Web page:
Taking photographs from the back of a camel is no easy task, as Vilis discovered this morning when he and I toured the desert south of Alice Springs by camel. I discovered that focusing binoculars from the back of a camel is impossible due to the regular lurches accompanying a camel’s steps. So I birded with my bald eyeballs, and Vilis snapped running shots at intriguing angles, or managed to capture a few horizontally-aligned shots during the infrequent pauses in our 3-hour ride.
Our guide for the tour was Marcus Williams, owner of Pyndan Camel Tracks, who nodded a greeting to us on our arrival and pointed me to a camel folded into a resting postion on the ground. I climbed into a saddle set on the rear of the camel’s hump and slipped my shoes into stirrups. “Hold on tight and lean back,” Mr. Williams instructed, before quietly commanding the camel to rise. It did his bidding, and I found myself sitting a long way from the ground. A minute later, Vilis did, too. “This is Ruby.” Our guide pointed to my camel. “And that’s Greydog [behind me].” He pointed to Vilis’s camel. “That’s Doc.”
From the corrals and yard, shaded by tall shade trees visited by galahs, western ringnecks, magpie-larks, and yellow-throated miners, we headed out onto a sandy plain. The camels were roped together into a line of five, although Vilis and I were the only guests. Vilis rode behind our guide, who was a man of few words. Fifteen minutes after we began our ride, a question seemed wrung from him, and after Vilis responded, a full ten minutes passed before another quietly-voiced question appeared out of nowhere, following on Vilis’s earlier comment.
If I had to choose a word to describe the ride, it would be peaceful. My saddle was comfortable, the morning was cool, and a fresh breeze washed us with clean, desert air and had us occasionally holding onto our hats. The camels trod the red sand slowly and silently, their feet broad, soft platters of flesh that squished out into cushioning pads to absorb their weight with each step. Flocks of emerald-and-lemon budgies raced over the plain, a kestrel hovered in the sky, cockatiels flew past us, and red-eyed diamond doves cooed with scratchy voices. Male rufous songlarks poured all of their mating desire into bursts of tinkling song emitted during rapid-wingbeat flights. Our guide pointed out a red kangaroo propped upright on its haunches and tail, watching us as we rode through a pasture toward gently rolling hills.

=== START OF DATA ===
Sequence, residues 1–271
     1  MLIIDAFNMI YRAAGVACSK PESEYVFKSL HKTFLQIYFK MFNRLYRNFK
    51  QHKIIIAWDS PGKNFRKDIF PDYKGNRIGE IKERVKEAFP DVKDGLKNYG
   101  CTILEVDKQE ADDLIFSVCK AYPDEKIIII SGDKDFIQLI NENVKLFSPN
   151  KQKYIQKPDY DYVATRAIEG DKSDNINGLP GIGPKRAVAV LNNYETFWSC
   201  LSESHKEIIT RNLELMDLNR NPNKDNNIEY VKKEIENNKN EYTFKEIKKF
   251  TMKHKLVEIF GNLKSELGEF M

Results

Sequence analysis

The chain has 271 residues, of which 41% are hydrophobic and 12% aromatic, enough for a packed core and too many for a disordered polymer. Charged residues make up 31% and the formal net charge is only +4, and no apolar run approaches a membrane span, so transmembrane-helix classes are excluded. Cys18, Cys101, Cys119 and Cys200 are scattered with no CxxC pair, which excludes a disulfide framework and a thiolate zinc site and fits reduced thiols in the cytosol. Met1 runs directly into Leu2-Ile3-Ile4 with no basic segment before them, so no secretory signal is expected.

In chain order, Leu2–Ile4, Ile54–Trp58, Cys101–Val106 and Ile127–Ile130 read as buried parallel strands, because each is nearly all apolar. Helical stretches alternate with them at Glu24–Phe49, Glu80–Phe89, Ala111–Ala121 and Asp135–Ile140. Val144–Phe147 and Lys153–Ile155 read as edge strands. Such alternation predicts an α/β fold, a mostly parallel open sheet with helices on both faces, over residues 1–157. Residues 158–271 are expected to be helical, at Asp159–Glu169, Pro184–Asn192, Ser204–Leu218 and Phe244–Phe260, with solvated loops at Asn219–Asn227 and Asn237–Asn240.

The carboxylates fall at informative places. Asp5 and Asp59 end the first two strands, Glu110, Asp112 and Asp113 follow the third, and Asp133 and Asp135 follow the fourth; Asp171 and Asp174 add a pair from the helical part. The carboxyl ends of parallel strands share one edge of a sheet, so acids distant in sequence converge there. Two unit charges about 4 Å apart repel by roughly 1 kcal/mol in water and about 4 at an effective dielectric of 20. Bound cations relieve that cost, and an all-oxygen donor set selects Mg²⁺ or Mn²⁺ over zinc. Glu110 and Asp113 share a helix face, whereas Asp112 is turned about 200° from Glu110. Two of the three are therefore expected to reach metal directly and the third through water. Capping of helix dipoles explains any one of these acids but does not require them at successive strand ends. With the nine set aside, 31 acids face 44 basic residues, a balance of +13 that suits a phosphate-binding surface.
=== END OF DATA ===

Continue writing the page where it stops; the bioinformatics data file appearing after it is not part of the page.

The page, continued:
On reaching the hills, we wound our way through acacia-speckled grasslands between spinifex-cloaked slopes. Sleek red and black beef cattle fattened on the lush growth of grasses romped toward us and mock-charging us in challenge. Ignoring them, we continued on through spinifex grassland interrupted by stunted gum trees. The spinifex formed dense clumps topped with tall flowering stalks bearing seeds and waving gracefully in the wind like some desert sea. From atop Ruby’s hump, I reached out and allowed spinifex seed heads to brush against my hand, this action bringing home to me just how tall the grasses had grown.